Many companies had their own 'in house' parts long before cannondale and many did it far better. A great example being Trek who's Matrix brand was visible on bikes long before c'dale did coda, and they did it with far more style: cooks cranks rebranded as matrix, answer handlebars with the same branding treatment, they used grafton brakes and bullseye hubs on their top bike at the time, even their rims like mount aero were mavic beaters. Likewise Kona, amongst others, had many in-house parts in the form of their headsets, brakes, brake levers and so on.
Theres certainly no argument from me, on who did it first. i think trek introduced matrix as early as 88, cannondale with coda late 93.
would never have thought it cool to rebrand boutique components like grafton bulleye etc though.
what would be the need,? to me if you are just rebranding a small boutique U.S manufactured component, thats already in a current product range, this would merely cheapen the product... the already well desired part...? much like you have suggested with your coda 900 crankset ..?
Kona on the other hand, licensed/took a good product, like Curve and went to the far east, and copied a brake set, added the Curve name, (and subsequently "also" avoided having to buy shimano), but instead they give us a brake set as well performing as soggy cheese in comparison to the original companies original product.
Marin, did it with there mid level spec"d bikes and White Industries chainsets, not the real deal but a far-east version that look the same, (again less shimano,) and yet a brand name.. on a far-east product.
As far as Shimano having a stranglehold, no one ever expected shimano on their bikes until the mid to late nineties when Suntour and Campagnolo finally gave up. Go back to the late eighties and Suntour was the group of choice. Diacompe were the brake of choice in the early nineties, SRAMs grip shift eclipsed most of shimano's push-push shifters, sugino cranks were the most common cranks on bikes such as Specialized, Marin and Kona in the 90s, either as themselves or as cranks like the Strongarm or WI crank.
Sorry Pete i thought we wer talking about the 90"s ....my mistake.
The 80"s were different, compaines were using suntour/campagnolo etc, bearing in mind, the early 80s, when companies were adding "the new mountain bike" to there portfolio, (trek for example already doing well with there road bikes... mountain bikes came in 1983). I dont think shimano intoduced Derore XT untill 83? there was competition, soon to fall by the wayside, even your point with the gripshift, again a cheaper alternative to shimano, as seen by the purchaser, (the bicycle company) only to eventually also fall by the wayside,. (except prehaps for all the bso"s we see in the mainstream today)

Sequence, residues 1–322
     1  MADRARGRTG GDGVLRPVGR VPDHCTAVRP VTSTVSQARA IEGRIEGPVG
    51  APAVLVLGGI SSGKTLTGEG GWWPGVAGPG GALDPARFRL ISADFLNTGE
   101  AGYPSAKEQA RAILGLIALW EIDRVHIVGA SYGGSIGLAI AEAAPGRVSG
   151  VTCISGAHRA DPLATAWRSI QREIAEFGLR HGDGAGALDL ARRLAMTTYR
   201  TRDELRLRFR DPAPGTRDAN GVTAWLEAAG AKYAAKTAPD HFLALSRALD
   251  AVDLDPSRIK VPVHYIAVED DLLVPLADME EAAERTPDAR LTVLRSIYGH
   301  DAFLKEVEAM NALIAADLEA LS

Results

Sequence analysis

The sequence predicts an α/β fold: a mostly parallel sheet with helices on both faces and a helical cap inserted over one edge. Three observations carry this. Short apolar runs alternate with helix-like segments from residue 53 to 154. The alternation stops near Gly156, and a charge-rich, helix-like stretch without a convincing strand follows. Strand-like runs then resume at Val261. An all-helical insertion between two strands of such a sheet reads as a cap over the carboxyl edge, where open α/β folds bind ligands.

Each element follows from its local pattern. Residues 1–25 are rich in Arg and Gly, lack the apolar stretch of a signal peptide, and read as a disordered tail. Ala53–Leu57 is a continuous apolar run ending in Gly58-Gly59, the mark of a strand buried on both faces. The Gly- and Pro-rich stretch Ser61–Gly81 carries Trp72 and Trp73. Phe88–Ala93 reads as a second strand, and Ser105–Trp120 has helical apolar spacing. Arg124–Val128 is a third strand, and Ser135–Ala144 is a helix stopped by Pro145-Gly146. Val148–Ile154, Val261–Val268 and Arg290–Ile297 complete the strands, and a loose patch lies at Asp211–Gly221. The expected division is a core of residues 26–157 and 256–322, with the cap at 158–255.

The mid nineties was a time rife with buying licensed parts from other companies: Kona with Curve, Marin with White Industries, Avid and WTB. C'dale went down the route of rebranding existing (often easily available) products as Coda rather than using the original name. Personally they missed a trick with Magic Motorcycles as that name had far more appeal than Coda, and I'd rather have dia-compe SS-5s than the coda branded ones!
I think it was Mr Pong From magic cranks was the instigator of negotiations
with cannondale ? And the plan was much bigger than just cranks, the original intention (if even plausible
) was to give "SHIMANO" a run for its money with a complete U.S owned/branded groupset/name and compete for market share?
It clearly didnt work, but they gave it a good bash...?...im no more a fan of branded in house products than i am of the dominance of shimano,.
Sram had to take Shimano to court, over the massive 15% discount it gave manufacturers for buying and not splitting/brake and gear sets.
Sram won, and went on to buy other companies (AVID/truvativ etc) to continue ther fight for a market share of Bicycle component supplies to manufacturers.
Today even with the presence of sram and all the big cycle manufacturers choosing to use there own branded product, "Shimano" still control 50% of the golbal market. (FACT)
With regards the forks, the headtube suspension fork is even older than Browning, Actiontec or Headshok. Alex Moulton used them years or decades earlier. No doubt many of the ideas in the three mountain bike forks come directly from the Moulton forks, negating many patents due to the age.
I remember the moulton Mono shock fork on dinky little wheels, ...lol.